MAFS Australia candidates sue show makers
Of the eight seasons made of the Australian version of ‘Married at First Sight’, no one is as crazy as the sixth. The participants provided high-profile television, but it is now clear that this fame also has a downside. Some candidates want to sue the production company behind the popular show.
Ines who kept Bronson on a leash and then went to bed with Sam. Jessika hooked up with Dan behind Mick’s back. Cyclone Cyrell who made marriage to Nic nearly impossible. And let’s not forget Elizabeth with her crazy features. Or Heidi and Mike’s explosive relationship. The sixth season of Married at First Sight Australia had so many juicy storylines that you as a viewer couldn’t get enough of it.
But some candidates also encounter a lot of resistance from the same viewer because of their seemingly unorthodox way of acting. A few stars from the cast are preparing to sue the show, according to The Sun , because they would have been put away in a negative way, according to the makers. According to them, production companies Endemol Shine Australia and The Nine Network have caused a ‘psychological trauma’.
Two years after the season aired in Australia, the episodes can be seen in the United Kingdom for the first time. The candidates’ just-healed wounds are reopened when the stars are swept through the mud for the second time by viewers.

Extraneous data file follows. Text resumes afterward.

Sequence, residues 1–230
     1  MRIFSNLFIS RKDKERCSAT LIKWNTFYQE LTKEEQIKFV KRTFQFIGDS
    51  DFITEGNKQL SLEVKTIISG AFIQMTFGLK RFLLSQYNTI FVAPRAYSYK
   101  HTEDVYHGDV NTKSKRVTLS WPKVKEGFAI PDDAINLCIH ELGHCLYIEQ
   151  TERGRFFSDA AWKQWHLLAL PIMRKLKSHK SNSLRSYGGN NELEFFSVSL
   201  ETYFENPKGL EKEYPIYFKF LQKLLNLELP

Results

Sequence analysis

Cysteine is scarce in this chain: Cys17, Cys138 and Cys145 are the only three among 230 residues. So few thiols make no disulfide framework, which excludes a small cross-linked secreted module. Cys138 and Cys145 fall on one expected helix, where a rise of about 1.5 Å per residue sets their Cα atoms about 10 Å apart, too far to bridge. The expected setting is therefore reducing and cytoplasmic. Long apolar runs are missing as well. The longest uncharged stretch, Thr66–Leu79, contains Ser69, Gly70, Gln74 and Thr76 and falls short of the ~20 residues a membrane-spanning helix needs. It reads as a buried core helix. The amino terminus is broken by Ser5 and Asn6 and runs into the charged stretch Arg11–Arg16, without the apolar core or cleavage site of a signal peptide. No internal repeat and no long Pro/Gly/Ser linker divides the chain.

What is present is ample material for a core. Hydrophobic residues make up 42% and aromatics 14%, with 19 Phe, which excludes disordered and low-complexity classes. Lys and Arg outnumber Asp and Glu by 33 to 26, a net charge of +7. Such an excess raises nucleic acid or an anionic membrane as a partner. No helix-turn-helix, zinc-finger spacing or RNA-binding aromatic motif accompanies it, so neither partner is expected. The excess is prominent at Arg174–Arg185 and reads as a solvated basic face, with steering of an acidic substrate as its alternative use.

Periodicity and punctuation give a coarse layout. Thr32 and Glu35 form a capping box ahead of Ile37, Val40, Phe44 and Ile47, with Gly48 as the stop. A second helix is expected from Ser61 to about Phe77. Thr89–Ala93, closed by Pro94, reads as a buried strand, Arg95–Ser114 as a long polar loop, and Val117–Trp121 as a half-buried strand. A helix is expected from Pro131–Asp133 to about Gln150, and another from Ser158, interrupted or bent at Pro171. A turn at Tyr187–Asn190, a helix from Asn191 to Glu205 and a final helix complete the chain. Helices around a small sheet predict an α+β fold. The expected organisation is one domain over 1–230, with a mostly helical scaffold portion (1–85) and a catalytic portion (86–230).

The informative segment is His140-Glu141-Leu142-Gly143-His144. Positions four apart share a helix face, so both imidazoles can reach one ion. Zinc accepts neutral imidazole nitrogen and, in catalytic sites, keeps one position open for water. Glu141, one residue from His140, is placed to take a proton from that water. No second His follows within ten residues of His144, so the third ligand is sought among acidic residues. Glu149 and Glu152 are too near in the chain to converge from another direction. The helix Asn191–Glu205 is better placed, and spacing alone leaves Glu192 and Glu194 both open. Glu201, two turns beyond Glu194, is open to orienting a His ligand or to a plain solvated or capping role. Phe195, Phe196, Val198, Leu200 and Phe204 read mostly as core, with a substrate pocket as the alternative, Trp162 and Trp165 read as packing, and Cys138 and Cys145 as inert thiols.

For that reason, some cast members are talking to lawyers to find out if they have a chance of compensation, the British newspaper reports. A source says: “Now that the show is also airing in America, they are bracing for a third round full of hatred. Enough is enough.”
It is therefore high time for the production company to scratch their heads. Earlier this month, it was also announced that clinical neuropsychotherapist Dr. Trisha Stratford, one of the relationship experts on the show, was leaving.
According to her, producers do not listen to her findings about the mental health of the candidates. “In the end, I couldn’t compromise my professional and personal standards. Candidates that I thought shouldn’t be there were participating,” she told Woman’s Day magazine . “If someone comes through the critical selection process when we say we don’t want them on the show because they are psychologically vulnerable, they won’t be doing well during and after the show.”